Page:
Not a week goes by, it seems, without a mass shooting in the USA. The world’s oldest democracy also has the highest rate of gun related deaths in the developed world. It’s a shocking public safety problem, and it’s caused by the fact that the Constitution of the Unitied States says that the government cannot curtail its citizens’ right to bear arms.
Thinking about the ‘Bollocks To Nick Griffin‘ video I posted set me reminiscing about the Imagined Village ‘Empire and Love‘ concert I attended in 2010. Chris Wood is part of the collective, and before the main event he performed an acoustic set. Among the songs was an amazing, chilling song about the killing of Jean Charles De Menezes. I did not realise until now that the track is called ‘Hollow Point’ and actually won best song at the 2011 Folk Awards.
I still remember the chill I felt when I first heard Chris sing the words “He never heard the footsteps behind him / by the bus stop at Tulse Hill”. In that moment, what was an abstract story of an everyman trying to make his way in the world becomes a frighteningly specific narration of the final moments of one particular person. The accompaniment is a simple acoustic guitar, but the lyrics build to an inevitable crescendo, just as the CCTV footage we have seen of De Menezes on that day builds to the inevitable, appalling, unseen dénouement down in the carriage. Continue reading “Two Great Folk Songs on the Danger of Guns”
The shootings in Tuscon present a difficult conundrum. On the one hand, we cannot seriously suggest that Sarah Palin and the other Tea Party demagogues literally sponsored or otherwise provoked the spree. But on the other, the inflammatory rhetoric of recent American politics has made many people (including myself) very uneasy, and this massacre feels like something expected, inevitable. Jonathan Raban’s column in the Independent today seems to strike the right balance, rightly pointing out that it is the entire discourse and culture that is at fault:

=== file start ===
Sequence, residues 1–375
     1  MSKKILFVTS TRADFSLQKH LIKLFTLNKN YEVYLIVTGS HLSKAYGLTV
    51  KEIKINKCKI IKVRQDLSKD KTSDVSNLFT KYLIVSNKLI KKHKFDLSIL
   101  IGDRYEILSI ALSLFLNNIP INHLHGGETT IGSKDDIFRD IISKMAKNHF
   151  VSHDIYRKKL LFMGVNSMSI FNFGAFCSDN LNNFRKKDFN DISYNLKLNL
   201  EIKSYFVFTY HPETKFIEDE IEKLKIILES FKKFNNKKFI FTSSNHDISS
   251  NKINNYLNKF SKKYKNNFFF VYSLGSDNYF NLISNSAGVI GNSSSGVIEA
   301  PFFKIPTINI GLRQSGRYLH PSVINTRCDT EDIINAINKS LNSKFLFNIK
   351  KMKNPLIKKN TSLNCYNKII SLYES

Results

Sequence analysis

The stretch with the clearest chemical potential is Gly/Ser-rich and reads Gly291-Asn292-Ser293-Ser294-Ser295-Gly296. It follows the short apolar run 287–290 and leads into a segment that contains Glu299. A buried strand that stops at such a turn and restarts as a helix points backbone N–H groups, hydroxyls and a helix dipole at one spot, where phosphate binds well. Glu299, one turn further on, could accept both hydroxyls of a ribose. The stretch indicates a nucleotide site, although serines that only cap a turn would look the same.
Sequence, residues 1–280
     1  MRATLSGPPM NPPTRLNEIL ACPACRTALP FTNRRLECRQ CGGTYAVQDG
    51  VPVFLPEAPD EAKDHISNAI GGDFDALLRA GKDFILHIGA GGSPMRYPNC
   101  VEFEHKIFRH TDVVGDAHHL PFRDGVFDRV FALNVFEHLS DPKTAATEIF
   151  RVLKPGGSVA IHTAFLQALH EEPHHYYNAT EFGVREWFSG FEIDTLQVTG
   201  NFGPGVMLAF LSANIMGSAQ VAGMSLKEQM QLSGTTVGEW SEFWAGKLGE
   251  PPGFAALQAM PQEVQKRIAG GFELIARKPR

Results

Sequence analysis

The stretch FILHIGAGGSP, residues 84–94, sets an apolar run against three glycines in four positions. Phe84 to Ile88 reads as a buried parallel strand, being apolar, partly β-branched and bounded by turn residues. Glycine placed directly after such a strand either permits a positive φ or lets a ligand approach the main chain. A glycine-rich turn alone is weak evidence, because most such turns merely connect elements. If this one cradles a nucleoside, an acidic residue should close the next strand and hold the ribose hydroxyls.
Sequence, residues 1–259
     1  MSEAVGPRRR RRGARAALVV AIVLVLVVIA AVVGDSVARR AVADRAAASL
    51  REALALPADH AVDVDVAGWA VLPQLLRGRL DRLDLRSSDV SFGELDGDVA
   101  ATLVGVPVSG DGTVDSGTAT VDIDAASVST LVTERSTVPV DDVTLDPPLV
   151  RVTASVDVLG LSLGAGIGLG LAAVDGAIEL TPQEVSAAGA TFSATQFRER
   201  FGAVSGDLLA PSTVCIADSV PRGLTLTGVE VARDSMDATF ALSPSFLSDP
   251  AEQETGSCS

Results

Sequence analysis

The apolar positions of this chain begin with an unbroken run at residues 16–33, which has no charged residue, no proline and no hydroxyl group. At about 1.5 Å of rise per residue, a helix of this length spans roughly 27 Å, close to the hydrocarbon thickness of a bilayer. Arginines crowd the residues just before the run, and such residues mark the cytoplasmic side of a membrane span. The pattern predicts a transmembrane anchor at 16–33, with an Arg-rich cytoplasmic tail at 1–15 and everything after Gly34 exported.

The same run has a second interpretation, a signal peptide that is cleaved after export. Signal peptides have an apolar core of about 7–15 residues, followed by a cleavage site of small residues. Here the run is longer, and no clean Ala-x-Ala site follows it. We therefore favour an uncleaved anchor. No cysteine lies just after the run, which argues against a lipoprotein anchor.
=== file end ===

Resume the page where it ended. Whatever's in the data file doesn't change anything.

The gunsights were intended as an eye-catching metaphor in the metaphor-stuffed rhetoric of the Tea Party movement, which loves to harp on a fanciful parallel between today’s opposition to healthcare reform, the stimulus package and the bank bailouts, the case for providing amnesty to illegal immigrants, and all the rest, with the great patriotic war of the American Revolution in the 1770s. It’s the sort of historical comparison designed to appeal deeply to people who are ignorant of history, and it generates a stream of metaphors for heroic resistance, involving muskets, funny trousers and tricorn hats.
There is a chance, if rather a slim one, that the Tucson massacre will make both politicians and commentators draw back and reconsider their terms. Politics is not warfare. The Democratic party is not a colonialist tyranny. Obama is not George III. To live in a slew of overheated metaphors, in language vastly disproportionate to the occasion, is to invite and license the kind of atrocity that happened the day before yesterday.
Some on America’s extreme right have already begun to hit-back those who have criticised Sarah Palin for the gun-sight imagery she used on a campaigning website during last year’s mid-term elections. But I don’t think this criticism of Palin is cynical. Rather, it is an inelegant erruption of a thousand ‘told you sos’, from all those who have been concerned by the Tea Party’s divisive rhetoric. Explaining why statements like “a second ammendment solution” (Nevada senate candidate Sharon Angle) are dangerous and undemocratic usually takes a fair few paragraphs of historical and political blogging to get right. In the face of an hysterical, pseudo-patriotic libertarian fervour, the more compassionate and reasoned of our American cousins have struggled to articulate a counterpoint. The Arizona shootings are sick and twisted, but they have also made a complex set of ideas seem very simple indeed. A single word, ‘#Tuscon’ will now suffice to refudiate and dampen the more sinister and threatening political rhetoric. A single face will come to symbolise how far the pendulum can swing. This is in itself reductive, however.